Killers of the Flower Moon: The Osage Murders and the Birth of the FBI by David Grann
My rating: 5 of 5 stars
Once upon a time, the Osage tribe was threatened, massacred, and leveraged out of their own land. They invested the pittance they were paid and invested in more, different and apparently worthless lands in Indian Territory in what is now northeastern Oklahoma, near the end point of the Trail of Tears, buying it and settling in during the 1870’s.
Then somebody struck oil.
And, as one newspaper reporter wrote in 1923, “The Osage Indians are becoming so rich that something will have to be done about it.”
Killers of the Flower Moon is the pull-you-along recounting of the 1920’s “Reign of Terror” in Oklahoma oil country that saw dozens of Osage murdered for their oil headrights, their “underground reservation.” The U.S. government decreed that American Indians were automatically incompetent and therefore incapable of managing their own property, appointing white (naturally) guardians and creating an irresistible opportunity for whites to murder and steal with impunity.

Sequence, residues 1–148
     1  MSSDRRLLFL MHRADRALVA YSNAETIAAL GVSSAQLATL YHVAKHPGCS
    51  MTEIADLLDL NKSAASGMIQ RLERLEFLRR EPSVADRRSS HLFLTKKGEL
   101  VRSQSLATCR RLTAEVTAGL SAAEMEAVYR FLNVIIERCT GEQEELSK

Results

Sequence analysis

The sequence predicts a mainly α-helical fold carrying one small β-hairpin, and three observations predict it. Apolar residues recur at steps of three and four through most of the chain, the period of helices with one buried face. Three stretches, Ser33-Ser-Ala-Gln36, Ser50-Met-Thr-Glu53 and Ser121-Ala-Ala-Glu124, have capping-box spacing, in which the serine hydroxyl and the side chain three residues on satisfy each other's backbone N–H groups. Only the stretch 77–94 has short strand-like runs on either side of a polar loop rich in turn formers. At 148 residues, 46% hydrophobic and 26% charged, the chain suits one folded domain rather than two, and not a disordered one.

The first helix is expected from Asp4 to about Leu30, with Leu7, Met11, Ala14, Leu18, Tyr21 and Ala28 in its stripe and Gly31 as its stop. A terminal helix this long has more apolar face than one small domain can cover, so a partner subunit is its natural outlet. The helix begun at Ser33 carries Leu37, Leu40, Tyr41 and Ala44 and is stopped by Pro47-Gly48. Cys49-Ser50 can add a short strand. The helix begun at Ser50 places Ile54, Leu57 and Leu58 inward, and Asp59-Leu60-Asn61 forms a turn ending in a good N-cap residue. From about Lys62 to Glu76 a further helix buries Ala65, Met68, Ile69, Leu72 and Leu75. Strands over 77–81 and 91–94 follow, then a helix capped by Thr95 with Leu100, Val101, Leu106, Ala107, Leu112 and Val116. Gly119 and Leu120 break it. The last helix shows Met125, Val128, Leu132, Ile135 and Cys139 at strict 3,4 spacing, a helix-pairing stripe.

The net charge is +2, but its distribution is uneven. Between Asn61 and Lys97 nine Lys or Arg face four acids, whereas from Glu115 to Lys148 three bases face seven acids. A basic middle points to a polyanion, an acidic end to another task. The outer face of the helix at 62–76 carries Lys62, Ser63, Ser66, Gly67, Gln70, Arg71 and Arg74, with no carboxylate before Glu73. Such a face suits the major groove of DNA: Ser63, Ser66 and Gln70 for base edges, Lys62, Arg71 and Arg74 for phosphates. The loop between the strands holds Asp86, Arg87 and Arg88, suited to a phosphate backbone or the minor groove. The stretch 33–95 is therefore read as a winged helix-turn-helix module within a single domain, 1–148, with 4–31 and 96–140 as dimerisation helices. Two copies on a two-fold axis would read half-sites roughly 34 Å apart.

Simultaneously, the book also tells the story of the nascent FBI, its creation under J. Edgar Hoover, and the “cowboy” lawmen who were determined to bring killers to justice – or some kind of justice, anyway.
This is non-fiction that reads like a mystery novel, highly readable and compelling. This story of a shameful part of American history is not to be missed and should be required reading in our schools.
Bookshelves: american-history, native-american-history, bigots-gonna-bigot, journalistic, social-commentary, true-crime, non-fiction
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